In LCH, the lung is also considered a high-risk organ, but is less frequently involved in children than in adults, in whom smoking is a key etiologic factor. The cystic/nodular pattern of disease reflects the cytokine-induced destruction of lung tissue. Classically, the disease is symmetrical and predominates in the upper and middle lung fields, sparing the costophrenic angle and giving a very characteristic picture on high-resolution CT scan. Confluence of cysts may lead to bullous formation and spontaneous pneumothorax can be the first sign of LCH in the lung, although patients may present with tachypnea or dyspnea. Ultimately, widespread fibrosis and destruction of lung tissue leads to severe pulmonary insufficiency. Declining diffusion capacity may also herald the onset of pulmonary hypertension. In young children with diffuse disease, therapy can halt progress of the tissue destruction and normal repair mechanisms may restore some function.
A study reporting outcomes for children with only low-risk organ disease (skin, bone, lymph nodes, or pituitary gland) or pulmonary plus low-risk organs revealed that patients with pulmonary involvement had a 5-year survival of 83% compared with 94% for those with only low-risk organ involvement.
Most patients with bone marrow involvement are young children who have diffuse disease in the liver, spleen, lymph nodes, and skin who present with significant thrombocytopenia and anemia with or without neutropenia. Others have only mild cytopenias and are found to have bone marrow involvement with LCH by sensitive immunohistochemical or flow cytometric analysis of the bone marrow. All of the bone marrow biopsy specimens (22 of 22 specimens) in one study had increased numbers of dysplasia of megakaryocytes, often with emperipolesis (active penetration by one cell into and through a larger cell). Patients with LCH who are considered at very high risk sometimes present with hemophagocytosis involving the bone marrow. The cytokine milieu driving LCH is probably responsible for the epiphenomenon of macrophage activation.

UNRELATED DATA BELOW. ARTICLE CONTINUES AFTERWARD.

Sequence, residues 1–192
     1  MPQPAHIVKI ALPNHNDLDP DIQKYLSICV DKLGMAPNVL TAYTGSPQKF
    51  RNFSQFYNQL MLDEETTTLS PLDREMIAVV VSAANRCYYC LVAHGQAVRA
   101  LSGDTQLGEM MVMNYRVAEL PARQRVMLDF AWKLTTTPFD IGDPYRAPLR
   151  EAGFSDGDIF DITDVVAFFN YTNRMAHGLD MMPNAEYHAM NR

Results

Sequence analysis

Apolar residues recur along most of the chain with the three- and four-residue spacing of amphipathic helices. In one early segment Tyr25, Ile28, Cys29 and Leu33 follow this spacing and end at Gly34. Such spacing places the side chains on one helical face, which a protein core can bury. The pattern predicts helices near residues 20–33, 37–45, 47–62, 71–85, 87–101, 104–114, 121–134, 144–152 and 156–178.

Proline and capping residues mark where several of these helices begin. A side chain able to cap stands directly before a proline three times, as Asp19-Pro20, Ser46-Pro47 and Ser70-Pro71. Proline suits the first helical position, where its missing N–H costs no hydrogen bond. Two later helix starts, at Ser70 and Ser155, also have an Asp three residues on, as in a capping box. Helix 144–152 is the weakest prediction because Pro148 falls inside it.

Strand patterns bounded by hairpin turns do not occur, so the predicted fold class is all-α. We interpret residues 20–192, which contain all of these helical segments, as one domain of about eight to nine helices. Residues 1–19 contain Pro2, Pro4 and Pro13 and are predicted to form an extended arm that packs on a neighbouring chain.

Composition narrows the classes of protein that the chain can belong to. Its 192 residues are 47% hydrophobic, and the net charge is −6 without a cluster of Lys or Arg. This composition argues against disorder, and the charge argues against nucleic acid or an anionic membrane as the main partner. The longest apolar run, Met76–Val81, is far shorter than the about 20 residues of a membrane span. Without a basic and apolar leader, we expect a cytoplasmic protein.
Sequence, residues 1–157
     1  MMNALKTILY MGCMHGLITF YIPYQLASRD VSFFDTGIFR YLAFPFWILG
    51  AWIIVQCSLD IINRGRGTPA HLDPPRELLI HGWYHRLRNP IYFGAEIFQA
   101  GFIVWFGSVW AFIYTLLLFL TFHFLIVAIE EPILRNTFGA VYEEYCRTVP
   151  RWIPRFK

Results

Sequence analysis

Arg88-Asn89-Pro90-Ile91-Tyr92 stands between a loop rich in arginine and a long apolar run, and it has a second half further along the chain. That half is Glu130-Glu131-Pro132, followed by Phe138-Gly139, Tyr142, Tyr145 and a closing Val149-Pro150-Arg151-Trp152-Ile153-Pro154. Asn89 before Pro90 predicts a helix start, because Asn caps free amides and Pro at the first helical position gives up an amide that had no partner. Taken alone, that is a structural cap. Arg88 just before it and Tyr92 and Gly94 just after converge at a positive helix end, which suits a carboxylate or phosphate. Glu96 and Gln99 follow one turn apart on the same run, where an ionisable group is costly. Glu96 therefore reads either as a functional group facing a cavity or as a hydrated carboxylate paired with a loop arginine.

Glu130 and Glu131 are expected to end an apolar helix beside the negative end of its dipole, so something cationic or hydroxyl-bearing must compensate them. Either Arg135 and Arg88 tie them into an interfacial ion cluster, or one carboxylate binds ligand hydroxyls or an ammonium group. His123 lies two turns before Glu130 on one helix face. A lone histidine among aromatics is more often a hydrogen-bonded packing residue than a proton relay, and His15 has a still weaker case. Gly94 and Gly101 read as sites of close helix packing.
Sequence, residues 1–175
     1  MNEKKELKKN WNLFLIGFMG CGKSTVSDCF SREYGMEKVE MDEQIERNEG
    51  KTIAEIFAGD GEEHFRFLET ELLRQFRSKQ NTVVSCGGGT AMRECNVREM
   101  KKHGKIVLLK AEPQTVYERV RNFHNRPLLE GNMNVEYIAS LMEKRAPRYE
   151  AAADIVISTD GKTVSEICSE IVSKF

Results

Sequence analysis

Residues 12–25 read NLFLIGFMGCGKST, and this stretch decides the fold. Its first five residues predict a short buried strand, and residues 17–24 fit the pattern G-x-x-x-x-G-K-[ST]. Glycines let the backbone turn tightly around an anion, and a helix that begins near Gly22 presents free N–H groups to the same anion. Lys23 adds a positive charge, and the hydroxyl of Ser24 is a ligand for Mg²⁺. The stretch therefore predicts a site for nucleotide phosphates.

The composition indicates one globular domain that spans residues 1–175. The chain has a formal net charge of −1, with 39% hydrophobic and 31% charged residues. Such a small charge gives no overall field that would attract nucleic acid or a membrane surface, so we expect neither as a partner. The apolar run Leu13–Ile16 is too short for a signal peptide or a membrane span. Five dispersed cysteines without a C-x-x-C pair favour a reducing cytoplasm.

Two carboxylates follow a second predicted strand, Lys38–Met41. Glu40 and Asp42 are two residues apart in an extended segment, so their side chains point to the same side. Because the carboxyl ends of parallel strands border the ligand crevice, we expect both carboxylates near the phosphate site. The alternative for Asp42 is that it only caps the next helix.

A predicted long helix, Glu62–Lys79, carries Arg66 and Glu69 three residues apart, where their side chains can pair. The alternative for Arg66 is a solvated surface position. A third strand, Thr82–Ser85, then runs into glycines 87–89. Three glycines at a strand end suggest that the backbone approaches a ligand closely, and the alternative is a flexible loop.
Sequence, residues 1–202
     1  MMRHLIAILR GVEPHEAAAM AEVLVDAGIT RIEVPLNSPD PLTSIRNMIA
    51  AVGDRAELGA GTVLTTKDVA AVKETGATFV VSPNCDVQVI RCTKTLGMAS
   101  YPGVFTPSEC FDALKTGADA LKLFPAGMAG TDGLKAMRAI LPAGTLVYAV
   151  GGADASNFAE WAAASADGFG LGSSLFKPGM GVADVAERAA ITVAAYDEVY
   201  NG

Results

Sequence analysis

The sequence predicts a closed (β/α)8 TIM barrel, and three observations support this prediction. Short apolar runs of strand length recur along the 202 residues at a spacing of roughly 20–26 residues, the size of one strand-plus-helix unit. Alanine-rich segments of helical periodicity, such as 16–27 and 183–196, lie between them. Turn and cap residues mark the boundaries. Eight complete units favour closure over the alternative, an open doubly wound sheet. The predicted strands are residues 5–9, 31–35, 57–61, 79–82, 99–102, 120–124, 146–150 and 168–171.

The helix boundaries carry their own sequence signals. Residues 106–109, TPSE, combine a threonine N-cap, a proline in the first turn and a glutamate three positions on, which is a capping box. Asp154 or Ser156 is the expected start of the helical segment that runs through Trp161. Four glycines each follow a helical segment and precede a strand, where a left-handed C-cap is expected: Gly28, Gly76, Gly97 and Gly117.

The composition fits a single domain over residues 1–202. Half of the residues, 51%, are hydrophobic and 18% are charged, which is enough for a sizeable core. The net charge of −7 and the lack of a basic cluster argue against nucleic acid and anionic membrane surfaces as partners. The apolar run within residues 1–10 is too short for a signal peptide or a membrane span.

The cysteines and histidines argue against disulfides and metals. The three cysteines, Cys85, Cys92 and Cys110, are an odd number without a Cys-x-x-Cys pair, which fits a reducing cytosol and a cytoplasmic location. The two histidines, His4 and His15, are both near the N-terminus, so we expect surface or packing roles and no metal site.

Diabetes insipidus (DI), caused by LCH-induced damage to the anti-diuretic hormone (ADH)–secreting cells of the posterior pituitary, is the most frequent endocrine manifestation in LCH. MRI scans usually show nodularity and/or thickening of the pituitary stalk and loss of the pituitary bright spot on T2-weighted images. Pituitary biopsies are rarely done and usually only when the stalk is greater than 6.5 mm or there is a hypothalamic mass. Most often the diagnosis is established by biopsying the skin, bone, or lymph node of a patient who also has pituitary abnormalities.
A review of such patients found that 51% will develop other LCH lesions diagnostic of LCH within 1 year of identifying DI. A French study of 589 patients with LCH revealed the 10-year risk of pituitary involvement was 24%. These investigators did not see a decreased incidence of DI in chemotherapy-treated patients, but this may reflect the length of the therapy and/or the number of drugs used. Using longer therapy and more drugs, the German-Austrian-Dutch (Deutsche Arbeits-gemeinschaft für Leukaemieforschung und-therapie im Kindesalter [DAL]) Group and the Japanese Langerhans Cell Group found the cumulative incidence to be 12%.[29,30] DI followed initial LCH diagnosis by a mean of 1 year and growth hormone deficiency occurred 5 years later.
Patients with multisystem disease and craniofacial involvement at the time of diagnosis, particularly of the orbit, mastoid, and temporal bones, carried a significantly increased risk of developing DI during their course (relative risk, 4.6), with 75% of patients with DI having these CNS-risk bone lesions. This risk increased when the disease remained active for a longer period of time or reactivated. The risk for development of DI in this population was 20% at 15 years after diagnosis. Fifty-six percent of DI patients will develop anterior pituitary hormone deficiencies (growth, thyroid, or gonadal-stimulating hormones) within 10 years of the onset of DI. DI occurs in 11% of patients treated with multiagent chemotherapy and in up to 50% of patients treated less aggressively.[31,32]
Central nervous system